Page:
Indian princess Sophia Duleep Singh, one of Emmeline Pankhurst’s right-hand women, has been airbrushed out of history.
Despite leading the Black Friday march on parliament in 1910, throwing herself at the PM’s car, fighting with police and refusing to pay her taxes, the diehard
suffragette has never been given the recognition she deserves.
As the daughter of the last Maharajah of the Punjab and the goddaughter of Queen Victoria, the British government refused to jail her and tried their best to cover up her “embarrassing” exploits.
Now, more than six decades after her death, broadcaster Anita Anand has written Sophia’s astonishing life story in a bid to give the princess, who often sought refuge in Scotland, her rightful place in history.
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Sophia Dalip Singh’s conversion to the cause of Indian nationalism is detailed in a new book about the Punjabi princess who discovered and embraced her heritage more than a decade after her father’s death. Princess Sophia was the fifth child of Maharaja Dalip Singh, last ruler of independent Punjab who was forced to give up the fabled Kohinoor diamond to the British, and a goddaughter of Queen Victoria. Born in 1876 in England, she was only 17 when her father died in a Paris hotel room. Until recently, not much attention has been paid to Sophia, first a shy introvert, then a dazzling debutante at the English royal court and finally a militant in the suffragette movement…
…a new book by broadcast journalist Anita Anand, entitled, “Sophia: Princess, Suffragette, Revolutionary”, argues that this daughter of Dalip Singh was a revolutionary through and through and has been unjustly overlooked by historians. In an exclusive interview with The Tribune, Anand explains that until 1903 Sophia was a classic Victorian society woman who made her debut at Buckingham Palace where she had to curtsy, bend and kiss her godmother, the Queen.
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Abandoned by her father as a child, she grew up on the uncertain mercies of the queen not knowing any world but the one of gay parties and high Brand Valium Online of British high society. Her life changed when she came to India, and learnt, for the first time, the depths of British perfidy that had deprived her father of his kingdom and India of its freedom and self-respect. That disenchantment, shows former Anita Anand, Valium Ohne Rezept Online radio and TV presenter writing her debut novel, bred revolutionary sympathies in her with Indian nationalists and the women’s suffragettes, who demanded the vote for women.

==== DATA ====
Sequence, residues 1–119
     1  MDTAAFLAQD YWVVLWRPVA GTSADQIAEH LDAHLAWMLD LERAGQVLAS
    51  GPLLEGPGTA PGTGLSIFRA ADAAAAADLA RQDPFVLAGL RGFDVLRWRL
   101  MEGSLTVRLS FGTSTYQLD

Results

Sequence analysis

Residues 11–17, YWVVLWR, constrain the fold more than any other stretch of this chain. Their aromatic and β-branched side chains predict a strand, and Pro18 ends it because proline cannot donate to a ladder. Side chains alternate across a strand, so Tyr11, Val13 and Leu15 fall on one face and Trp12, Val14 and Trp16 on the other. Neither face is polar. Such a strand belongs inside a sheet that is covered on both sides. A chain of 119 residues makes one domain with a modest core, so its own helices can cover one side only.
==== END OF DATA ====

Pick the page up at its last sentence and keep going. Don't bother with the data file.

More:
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…Anita Anand traces what she calls the ‘roots of rebellion’ to Sophia’s father. Duleep Singh had been proclaimed maharajah of the Punjab at the age of six, after his path to the throne of his putative father, Ranjit Singh, had been cleared rather in the manner of Kind Hearts and Coronets. He inherited a vast Sikh kingdom, a huge fortune, and the Koh-i-noor diamond, all of which he was forced to sign away at the age of 11 when the British annexed the Punjab…
Anita Anand writes about the whole family, but keeps Sophia at the heart of the book and makes excellent use of letters and diaries to trace her subject’s evolution from frivolous socialite to militant suffragist.
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Sophia, Anand’s literary debut, recounts the forgotten tale of one woman’s extraordinary life, set against a sweeping historical backdrop.
It takes us from the foundations of the Sikh faith in the 15th century to the fight for Indian independence, which was finally secured in 1947.
But at its heart is the role Queen Victoria’s goddaughter played at the vanguard of the suffragette movement, fighting alongside more celebrated heroines like Emmeline Pankhurst to secure votes for women.
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Part of a biographer’s job is to rescue forgotten figures, and in “Sophia: Princess, Suffragette, Revolutionary” Anita Anand has salvaged an extraordinary one. Sophia Duleep Singh was a Punjabi princess and Queen Victoria’s goddaughter, a bucktoothed “docile little thing” who went on to become a celebrated London fashion plate and then a steely suffragist…
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As subject matter goes, the life of Sophia Duleep Singh offers the potential for about a dozen biographies rather than just one…
This is an unforgettable, vivid tale, sweeping in scale, made all the more extraordinary when one considers it is based entirely on real life.
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Sophia is so well researched that this is likely to remain a definitive account.
It also sheds light on its period and has new things to say about 19th and 20th century Anglo–Indian relations.
Anand’s passion shines through.
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In “Sophia” Ms. Anand tells her subject’s story with verve and on a broad canvas, an accomplishment because so few of the princess’s own writings remain. This book’s most vivid moments come from the diary Sophia kept on her visit in India and from interviews Ms. Anand conducted with the princess’s own goddaughter and the evacuees she sheltered during the World War II. Ms. Anand tries to fill in the spaces of her subject’s inner life, but Sophia’s ambivalence—about the British, about India, and maybe about her own family—was her most interesting but also most elusive trait.
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